http://www.charliechaplin.net/
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BerichtGeplaatst: 26 Feb 2011 18:15    Onderwerp: Reageer met quote

Private James Crozier

Private James Crozier was a Northern Irish born Soldier "Shot at Dawn".

The society visit the grave annually and have a small memorial as it is thought he was wrongly executed.

He was unconscious, blindfolded and tied to an execution post as he was carried out to his punishment for desertion.

He was killed by a shot to the head after the firing squad failed to kill him on the first attempt on 27th February 1916.

This memorial stone is situated in Sucrerie Military Cemetery, Colincamps in France, although he was first buried in a village called Mailly-Maillet.

http://www.blairmayneresearchsociety.com/shotatdawn.htm
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BerichtGeplaatst: 26 Feb 2011 18:21    Onderwerp: Reageer met quote

DE CRYNSSENHERDENKING IN 1917
DOOR FRED. OUDSCHANS DENTZ

Op 27 Februari 1917 was het 250 jaren geleden, dat de Zeeuwsche
vlootvoogd Abraham Crynssen Suriname veroverde op de
Engelschen. Het feit van den 250-jarigen band tusschen Nederland
en Suriname werd in Nederland niet gevierd, zooals in 1934
ten aanzien van Curacao het geval was, toen door een plechtige
samenkomst en een tentoonstelling Curacao onder de aandacht
van duizenden kwam; er werd in 1917 zelfs geen commissie in
Nederland opgericht om een herdenking voor te bereiden.

Lees verder op http://www.kitlv-journals.nl/index.php/nwig/article/viewFile/4559/5326
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BerichtGeplaatst: 26 Feb 2011 18:23    Onderwerp: Reageer met quote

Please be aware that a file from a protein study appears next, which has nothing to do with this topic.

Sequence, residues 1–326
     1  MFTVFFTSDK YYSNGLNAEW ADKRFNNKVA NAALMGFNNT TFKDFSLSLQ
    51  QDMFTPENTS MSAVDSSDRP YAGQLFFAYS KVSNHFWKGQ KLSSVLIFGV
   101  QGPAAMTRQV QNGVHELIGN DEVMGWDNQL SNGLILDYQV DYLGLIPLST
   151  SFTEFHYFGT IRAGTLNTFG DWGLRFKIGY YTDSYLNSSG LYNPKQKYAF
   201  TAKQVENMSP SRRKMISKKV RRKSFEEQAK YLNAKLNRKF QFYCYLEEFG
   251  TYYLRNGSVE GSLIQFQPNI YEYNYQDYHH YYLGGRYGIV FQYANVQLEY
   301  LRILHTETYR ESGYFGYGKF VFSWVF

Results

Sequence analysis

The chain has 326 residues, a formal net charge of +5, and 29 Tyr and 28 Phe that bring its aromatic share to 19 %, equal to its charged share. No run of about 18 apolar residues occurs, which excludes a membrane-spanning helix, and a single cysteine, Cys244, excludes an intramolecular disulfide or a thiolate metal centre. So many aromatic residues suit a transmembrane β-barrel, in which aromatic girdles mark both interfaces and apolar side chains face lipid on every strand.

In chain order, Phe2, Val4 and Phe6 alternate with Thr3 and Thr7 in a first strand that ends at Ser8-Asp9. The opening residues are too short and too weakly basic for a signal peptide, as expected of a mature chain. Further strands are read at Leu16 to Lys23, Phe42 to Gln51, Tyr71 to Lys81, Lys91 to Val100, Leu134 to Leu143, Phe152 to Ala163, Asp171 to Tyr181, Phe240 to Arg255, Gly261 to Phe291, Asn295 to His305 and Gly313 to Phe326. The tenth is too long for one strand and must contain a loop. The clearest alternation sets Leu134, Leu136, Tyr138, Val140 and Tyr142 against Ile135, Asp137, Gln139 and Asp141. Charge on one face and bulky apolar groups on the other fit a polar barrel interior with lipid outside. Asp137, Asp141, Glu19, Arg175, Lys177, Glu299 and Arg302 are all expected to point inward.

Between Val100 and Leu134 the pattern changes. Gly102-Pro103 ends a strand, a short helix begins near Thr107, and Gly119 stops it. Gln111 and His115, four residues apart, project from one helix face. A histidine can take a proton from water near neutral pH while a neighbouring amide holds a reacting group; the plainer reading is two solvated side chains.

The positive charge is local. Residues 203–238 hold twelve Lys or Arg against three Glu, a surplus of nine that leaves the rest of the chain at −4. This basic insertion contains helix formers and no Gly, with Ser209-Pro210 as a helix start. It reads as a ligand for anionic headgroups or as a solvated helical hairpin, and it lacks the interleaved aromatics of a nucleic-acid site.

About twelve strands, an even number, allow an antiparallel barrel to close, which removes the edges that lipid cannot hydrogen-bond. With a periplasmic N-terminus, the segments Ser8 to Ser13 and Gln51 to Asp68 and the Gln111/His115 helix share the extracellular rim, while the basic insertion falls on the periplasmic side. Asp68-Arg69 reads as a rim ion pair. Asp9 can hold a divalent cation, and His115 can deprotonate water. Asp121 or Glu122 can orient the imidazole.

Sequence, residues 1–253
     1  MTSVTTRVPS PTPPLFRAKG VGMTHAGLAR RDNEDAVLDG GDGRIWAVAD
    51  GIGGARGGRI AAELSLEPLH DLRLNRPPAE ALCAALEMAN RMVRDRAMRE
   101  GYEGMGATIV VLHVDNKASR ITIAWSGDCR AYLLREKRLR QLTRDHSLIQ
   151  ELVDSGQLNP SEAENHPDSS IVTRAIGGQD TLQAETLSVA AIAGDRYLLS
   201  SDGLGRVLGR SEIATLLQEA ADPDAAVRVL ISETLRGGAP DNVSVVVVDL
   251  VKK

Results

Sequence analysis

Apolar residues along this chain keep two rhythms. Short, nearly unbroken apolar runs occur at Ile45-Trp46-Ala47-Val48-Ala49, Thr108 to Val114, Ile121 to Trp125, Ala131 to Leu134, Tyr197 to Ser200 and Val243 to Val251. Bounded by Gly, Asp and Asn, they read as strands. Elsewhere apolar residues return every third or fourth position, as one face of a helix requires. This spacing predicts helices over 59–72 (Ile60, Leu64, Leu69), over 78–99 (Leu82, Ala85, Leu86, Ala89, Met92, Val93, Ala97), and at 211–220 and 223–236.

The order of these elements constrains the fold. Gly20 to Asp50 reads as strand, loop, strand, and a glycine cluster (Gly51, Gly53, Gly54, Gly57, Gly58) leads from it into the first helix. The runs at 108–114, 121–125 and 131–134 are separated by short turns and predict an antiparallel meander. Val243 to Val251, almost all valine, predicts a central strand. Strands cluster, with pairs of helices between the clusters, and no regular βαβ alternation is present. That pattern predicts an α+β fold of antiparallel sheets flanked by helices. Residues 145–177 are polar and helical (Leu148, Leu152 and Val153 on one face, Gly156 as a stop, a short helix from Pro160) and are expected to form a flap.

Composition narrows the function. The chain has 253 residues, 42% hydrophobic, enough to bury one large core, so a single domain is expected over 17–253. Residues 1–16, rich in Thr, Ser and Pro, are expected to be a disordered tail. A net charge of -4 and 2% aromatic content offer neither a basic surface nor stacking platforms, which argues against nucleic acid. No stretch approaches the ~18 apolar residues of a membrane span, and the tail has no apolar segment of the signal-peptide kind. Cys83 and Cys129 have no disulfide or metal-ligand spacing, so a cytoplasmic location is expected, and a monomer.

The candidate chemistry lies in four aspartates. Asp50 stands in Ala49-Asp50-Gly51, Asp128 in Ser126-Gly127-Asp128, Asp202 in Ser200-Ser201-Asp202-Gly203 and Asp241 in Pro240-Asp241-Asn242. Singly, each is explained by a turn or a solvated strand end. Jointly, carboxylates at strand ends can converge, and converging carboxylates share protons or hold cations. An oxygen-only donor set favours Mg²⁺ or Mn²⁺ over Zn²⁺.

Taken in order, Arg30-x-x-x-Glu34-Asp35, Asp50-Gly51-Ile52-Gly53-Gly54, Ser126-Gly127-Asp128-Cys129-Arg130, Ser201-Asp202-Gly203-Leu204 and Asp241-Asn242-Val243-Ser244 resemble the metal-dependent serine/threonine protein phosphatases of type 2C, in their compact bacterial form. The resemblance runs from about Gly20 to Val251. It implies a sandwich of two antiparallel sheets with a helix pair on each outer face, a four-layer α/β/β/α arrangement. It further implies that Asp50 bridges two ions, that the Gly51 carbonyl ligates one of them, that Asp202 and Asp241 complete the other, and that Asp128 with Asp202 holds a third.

Revolutionary barricades on Liteyny Prospekt, Petrograd, Russia, 27 February 1917.



Revolutionary barricades on Liteyny Prospekt, Petrograd, Russia, 27 February 1917. The February Revolution led to the abdication of Tsar Nicholas II and the collapse of imperial Russia. A provisional government was established which effectively shared power with the Bolshevik Petrograd Soviet. In October the Bolsheviks overthrew the provisional govenment and seized power themselves. Found in the collection of the State Museum of the Political History of Russia, St Petersburg.

http://www.heritage-images.com/Preview/PreviewPage.aspx?id=2481415&pricing=true&licenseType=RM
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BerichtGeplaatst: 26 Feb 2011 18:24    Onderwerp: Reageer met quote

Michael Rodzianko, President of the Duma, telegram to Nicholas II (27th February, 1917)

The situation is growing worse. Measures should be taken immediately as tomorrow will be too late. The last hour has struck, when the fate of the country and dynasty is being decided.

The government is powerless to stop the disorders. The troops of the garrison cannot be relied upon. The reserve battalions of the Guard regiments are in the grips of rebellion, their officers are being killed. Having joined the mobs and the revolt of the people, they are marching on the offices of the Ministry of the Interior and the Imperial Duma.

Your Majesty, do not delay. Should the agitation reach the Army, Germany will triumph and the destruction of Russian along with the dynasty is inevitable.

http://www.spartacus.schoolnet.co.uk/RUSmarchR.htm
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BerichtGeplaatst: 26 Feb 2011 18:30    Onderwerp: Reageer met quote

February Revolution of 1917